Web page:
The S Curve

The worst question in software is, "When will it be done?" because it never correlates with, "When should we ship?"

These questions involve guesswork, but a little science goes a long way. We'll define Done as, "When outstanding tickets reach zero." Graph the ticket count over time, and we have burndown charts.

Ideally, they looks something like this:

By halfway through the project, we know exactly when it'll be done! That's assuming you work somewhere where, "It's done when it's done."

Real projects have time constraints, and charts look more like this:

That cliff is a sign of so many problems.

When it's clear a release won't make a deadline, teams enter "crunch mode." They work long hours, leading to fatigue and poor judgement. They cut corners, accumulating technical debt and leaving things unpolished.

When code thrashes in the days before submission, there isn't enough time to really observe the effects of your changes. The worst bugs arrive at eleventh hour, preceded with, "This is totally safe!"

Long term, this is unsustainable. It burns out people, and in my experience, the best people only want to work on things they're proud of.

This can be fixed. Instead of using burndown charts as a visualization after-the-fact, make them a target. Instead of using a linear slope, make it an S-Curve.

To get here, we take a more thoughtful approach than just clearing a queue of tickets. Partway through the release, we survey our progress and shift focus to Convergence. As we wrap up our release, we prioritize quality during Bake.


Maybe a feature takes longer to build than you expected, or it's tangled in an API dependency. You can charge ahead, but you'll run over that cliff.

The longer you work on features that aren't ready, the more likely you'll fall victim to the Sunk Cost Fallacy, shipping something half-baked just because you worked so hard on it. You prevent this by shifting toward convergence.

When you're knee deep into a release, you have a good idea what features will and won't make it. Designs aren't ready? The service API isn't staged? Kick them to the next release. Focus all your resources on finishing features you're confident about. When you kick off convergence, the most important job of a product manager is saying "No."


As you approach the submission date, create a release branch. All changes to that branch require approval.

The goal is to decrease code churn. With QA focused on metrics like crashes and bug reports, you target critical bugs. A measured approach to change reduces the risk of new, unknown bugs.

In the real world, you make concessions. Really, cutting the release branch is about drawing a line in the sand. The default is no longer, "Sure, merge it in." There is a bar for accepting changes, and your job shifts to risk assessment.

"Is it worth fixing this bug, even if it could introduce a worse one?" Every day you get closer to submission, raise the bar, until you only accept fixes for critical bugs that block the release.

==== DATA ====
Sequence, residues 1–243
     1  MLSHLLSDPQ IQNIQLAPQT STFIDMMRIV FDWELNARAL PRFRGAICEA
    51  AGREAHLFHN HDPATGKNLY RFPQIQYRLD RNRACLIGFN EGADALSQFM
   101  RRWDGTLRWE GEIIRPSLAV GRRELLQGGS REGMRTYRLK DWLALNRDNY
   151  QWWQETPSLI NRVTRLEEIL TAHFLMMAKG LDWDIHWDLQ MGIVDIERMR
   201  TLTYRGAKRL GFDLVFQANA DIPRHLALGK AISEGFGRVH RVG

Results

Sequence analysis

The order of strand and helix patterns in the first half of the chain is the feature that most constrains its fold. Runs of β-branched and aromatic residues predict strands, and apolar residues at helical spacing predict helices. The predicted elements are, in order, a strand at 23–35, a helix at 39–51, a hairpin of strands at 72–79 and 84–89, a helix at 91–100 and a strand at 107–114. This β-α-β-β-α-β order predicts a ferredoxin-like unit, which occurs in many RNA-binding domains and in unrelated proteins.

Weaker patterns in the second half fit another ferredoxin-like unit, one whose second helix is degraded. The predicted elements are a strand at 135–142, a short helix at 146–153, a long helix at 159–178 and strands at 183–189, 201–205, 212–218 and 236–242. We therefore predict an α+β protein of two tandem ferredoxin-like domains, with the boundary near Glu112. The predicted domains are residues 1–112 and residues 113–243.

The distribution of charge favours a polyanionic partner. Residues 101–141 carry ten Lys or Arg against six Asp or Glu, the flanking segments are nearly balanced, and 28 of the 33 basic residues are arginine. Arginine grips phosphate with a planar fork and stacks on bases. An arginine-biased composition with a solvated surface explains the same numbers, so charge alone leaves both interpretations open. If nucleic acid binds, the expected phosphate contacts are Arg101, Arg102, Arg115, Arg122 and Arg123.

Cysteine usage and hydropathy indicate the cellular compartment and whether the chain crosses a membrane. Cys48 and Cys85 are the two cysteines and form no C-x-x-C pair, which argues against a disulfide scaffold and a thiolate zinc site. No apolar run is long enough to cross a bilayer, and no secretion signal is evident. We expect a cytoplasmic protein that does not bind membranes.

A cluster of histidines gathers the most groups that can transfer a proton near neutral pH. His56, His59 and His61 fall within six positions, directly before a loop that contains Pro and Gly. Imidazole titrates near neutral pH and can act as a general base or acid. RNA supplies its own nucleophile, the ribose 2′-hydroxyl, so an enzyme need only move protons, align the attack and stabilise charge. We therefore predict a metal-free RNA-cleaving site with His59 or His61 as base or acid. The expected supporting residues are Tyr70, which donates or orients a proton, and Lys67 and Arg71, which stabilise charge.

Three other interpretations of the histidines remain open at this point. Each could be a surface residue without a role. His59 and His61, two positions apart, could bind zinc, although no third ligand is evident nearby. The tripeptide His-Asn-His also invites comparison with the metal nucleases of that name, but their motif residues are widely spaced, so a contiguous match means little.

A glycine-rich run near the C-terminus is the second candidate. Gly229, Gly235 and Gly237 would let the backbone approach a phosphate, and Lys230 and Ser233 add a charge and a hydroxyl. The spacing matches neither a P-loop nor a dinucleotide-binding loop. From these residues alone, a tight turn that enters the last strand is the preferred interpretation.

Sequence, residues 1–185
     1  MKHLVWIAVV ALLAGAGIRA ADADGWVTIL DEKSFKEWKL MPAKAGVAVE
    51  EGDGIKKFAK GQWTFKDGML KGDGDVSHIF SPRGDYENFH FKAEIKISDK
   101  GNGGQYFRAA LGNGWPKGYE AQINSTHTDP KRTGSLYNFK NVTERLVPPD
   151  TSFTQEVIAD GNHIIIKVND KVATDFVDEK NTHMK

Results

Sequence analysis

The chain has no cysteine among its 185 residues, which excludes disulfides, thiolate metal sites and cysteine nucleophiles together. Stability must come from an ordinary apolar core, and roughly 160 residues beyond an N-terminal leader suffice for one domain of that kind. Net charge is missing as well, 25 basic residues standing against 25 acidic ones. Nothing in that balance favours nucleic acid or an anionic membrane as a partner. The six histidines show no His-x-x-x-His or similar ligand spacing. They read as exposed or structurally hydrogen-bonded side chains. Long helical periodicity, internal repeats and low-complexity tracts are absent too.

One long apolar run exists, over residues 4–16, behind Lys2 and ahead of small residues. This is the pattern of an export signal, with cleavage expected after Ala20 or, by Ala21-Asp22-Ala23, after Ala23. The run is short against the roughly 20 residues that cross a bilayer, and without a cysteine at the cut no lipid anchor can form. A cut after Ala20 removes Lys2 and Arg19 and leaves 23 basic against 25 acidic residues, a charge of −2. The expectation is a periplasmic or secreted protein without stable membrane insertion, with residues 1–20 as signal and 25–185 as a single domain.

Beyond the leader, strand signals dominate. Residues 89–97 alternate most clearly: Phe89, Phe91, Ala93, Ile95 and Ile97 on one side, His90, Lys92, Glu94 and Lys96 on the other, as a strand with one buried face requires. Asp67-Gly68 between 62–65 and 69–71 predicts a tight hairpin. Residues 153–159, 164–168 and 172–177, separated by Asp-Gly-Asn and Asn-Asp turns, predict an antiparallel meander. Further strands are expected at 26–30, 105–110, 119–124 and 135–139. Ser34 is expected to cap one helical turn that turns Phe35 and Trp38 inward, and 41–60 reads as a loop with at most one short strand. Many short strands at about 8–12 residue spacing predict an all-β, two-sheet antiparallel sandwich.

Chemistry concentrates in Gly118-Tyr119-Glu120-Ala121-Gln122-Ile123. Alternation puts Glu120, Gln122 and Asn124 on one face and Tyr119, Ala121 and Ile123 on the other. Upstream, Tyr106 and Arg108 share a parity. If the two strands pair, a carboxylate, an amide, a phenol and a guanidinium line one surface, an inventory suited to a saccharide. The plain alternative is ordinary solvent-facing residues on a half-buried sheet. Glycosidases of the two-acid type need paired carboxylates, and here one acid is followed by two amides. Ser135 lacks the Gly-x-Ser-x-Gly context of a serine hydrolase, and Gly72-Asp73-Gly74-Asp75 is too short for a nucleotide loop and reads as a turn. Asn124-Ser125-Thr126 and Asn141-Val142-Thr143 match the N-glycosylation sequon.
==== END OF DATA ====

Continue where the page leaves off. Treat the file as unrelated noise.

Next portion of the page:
That doesn't mean your developers twiddle their thumbs for the next few weeks. They're still investigating open tickets, and fixing bugs on feature branches. It's your call whether patches land on the release branch, or they're moved to the mainline branch for the next release.

The burndown chart continues to shrink after cutting the release branch, not because you're actually closing the bugs, but you're pushing them to the next release.

Websites often roll out features to 1%. Ops use these "canaries" to measure the stability of systems. If everything looks good, they make the call to ramp up to 100%. In an app, QA acts like ops; during bake, their metrics include crash logs and bug reports.

Every app nowadays has a backend to dynamically enable features, so can't you do this via rollout while in the App Store? Yes, you should do that too, but by the time you're in the App Store, it's too late. If you run into any sort of problem, it'll take a week to push out an update. The purpose of Bake is to fix critical bugs on a shorter feedback loop.

And Now The Hard Part

The challenge of this system is culture. You need to kill the notion, "We haven't submitted to the App Store, so the codebase is fair game!" The goalpost has to move from Submission to Bake Week.

Punting features terrifies stakeholders. The worst case scenario comes to mind: "The feature is days away, but we have to wait a whole month to ship?!"

The paradox is that by cutting features, they'll probably ship sooner. When you acquiesce, and include features that aren't ready, you hit critical bugs. If you ship too early, you waste all your time putting out fires. If you delay submissions, you learn there's always just one more feature you need to get in.

Look at you releases as a "release train." It's leaving on time, with or without you. The beauty of this system is that if you miss the train, it isn't a problem. The next one is leaving shortly, and it's always on-time.

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